Sometimes we act to minimize annoyance and as a by-product we benefit ourselves.

If vaccines were taken in the form of sugar coated candy I bet there would have been many much longer lines than we saw during the past couple years for COVID vaccines.

If we could lose weight by eating something sweet I bet we’d all be skinny as rails.

I’m sure we would never voluntarily stop to buy gasoline if it wasn’t for the fact that our car will come to a coasting halt if we don’t.

I sometimes wonder how often the rich and famous have used this principle to get the rest of us to do what they want. Two-week vacations sure seem to be incentive to work hard for 50 weeks per year to keep many of us willing slaves to their desires.

Health Insurance too is a sweet treat that keeps a great many worker from jumping ship and moving to a different employer. As is the concept of “Existing Conditions.” We ignore the greatest danger and respond to the lesser one.

It’s scary when you think about it.


We had dinner with a friend

Our friend is approaching their one year retirement anniversary. As might be the case with a lot of retirees I suspect they are questioning what happening with their life in retirement. In their mind they seem to think that they “aren’t doing anything.” Whether or not that’s true.

In this case we know the individual is caring for a physically failing parent at some remote distance — involving regular lengthy stays a couple hundred miles away from home. A couple kids and grand kids also means a variety of other events. And then there is maintaining a house, and checking in on other friends who also are retired and in varying degrees of health.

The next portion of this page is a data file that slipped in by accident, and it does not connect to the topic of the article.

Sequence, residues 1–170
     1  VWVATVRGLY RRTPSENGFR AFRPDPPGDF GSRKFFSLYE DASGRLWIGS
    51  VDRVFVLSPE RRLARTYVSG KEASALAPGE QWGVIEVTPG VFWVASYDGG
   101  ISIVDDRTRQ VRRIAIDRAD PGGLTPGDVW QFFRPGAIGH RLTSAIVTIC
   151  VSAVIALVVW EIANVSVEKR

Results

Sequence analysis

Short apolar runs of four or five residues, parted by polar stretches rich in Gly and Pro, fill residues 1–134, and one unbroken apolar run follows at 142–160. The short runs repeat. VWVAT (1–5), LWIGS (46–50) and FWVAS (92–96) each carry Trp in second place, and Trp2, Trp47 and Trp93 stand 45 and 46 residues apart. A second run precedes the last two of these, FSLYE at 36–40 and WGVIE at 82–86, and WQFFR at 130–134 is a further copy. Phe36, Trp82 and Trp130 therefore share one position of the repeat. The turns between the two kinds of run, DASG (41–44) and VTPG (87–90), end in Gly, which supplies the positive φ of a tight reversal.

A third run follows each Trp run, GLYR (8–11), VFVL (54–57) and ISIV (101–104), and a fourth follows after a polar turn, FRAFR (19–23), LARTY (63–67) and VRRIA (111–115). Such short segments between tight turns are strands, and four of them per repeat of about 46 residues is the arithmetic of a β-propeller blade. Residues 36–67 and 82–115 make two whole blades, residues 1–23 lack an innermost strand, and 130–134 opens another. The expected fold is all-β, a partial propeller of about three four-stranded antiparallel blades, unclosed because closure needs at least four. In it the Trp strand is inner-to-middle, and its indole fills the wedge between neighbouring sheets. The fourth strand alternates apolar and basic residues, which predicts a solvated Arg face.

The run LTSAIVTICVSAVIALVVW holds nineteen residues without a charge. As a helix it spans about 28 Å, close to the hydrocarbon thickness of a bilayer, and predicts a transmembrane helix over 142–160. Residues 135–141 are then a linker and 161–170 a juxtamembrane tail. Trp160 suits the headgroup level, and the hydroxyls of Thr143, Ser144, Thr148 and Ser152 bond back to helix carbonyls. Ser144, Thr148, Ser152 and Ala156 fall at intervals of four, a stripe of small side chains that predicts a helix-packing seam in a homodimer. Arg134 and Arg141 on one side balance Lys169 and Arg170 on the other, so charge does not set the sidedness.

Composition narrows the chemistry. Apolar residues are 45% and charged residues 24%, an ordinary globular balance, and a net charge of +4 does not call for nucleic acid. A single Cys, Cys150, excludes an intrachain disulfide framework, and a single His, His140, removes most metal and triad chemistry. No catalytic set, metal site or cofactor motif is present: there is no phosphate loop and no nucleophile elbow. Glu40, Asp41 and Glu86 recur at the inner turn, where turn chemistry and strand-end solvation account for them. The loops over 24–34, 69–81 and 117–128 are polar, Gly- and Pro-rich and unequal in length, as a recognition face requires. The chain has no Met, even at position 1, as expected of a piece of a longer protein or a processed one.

So, from an objective point of view they aren’t idle at all no matter what they may think of their situation. Still, that doesn’t prevent self-doubt and discouragement.

But during our meal the question came up:

If you could live anywhere you chose, where would you live?

To be fair I suppose the question should include the caveat “where could you afford to live” as I suspect many of us might have in mind an idyllic place that only the ultra-rich can afford. Still it’s a great question and one that Peg & I have answered for ourselves long ago.

Were it not for family here in Wisconsin I suspect we would have ended up in the South of France long ago. However our stint of full-time RV’ing convinced us that living at great distance away from family was for us not sustainable. The frequency with which we would want to be back here spending time with the is not sustainable and without loved ones in your life it’s pretty unfulfilling — at least if you share our same values.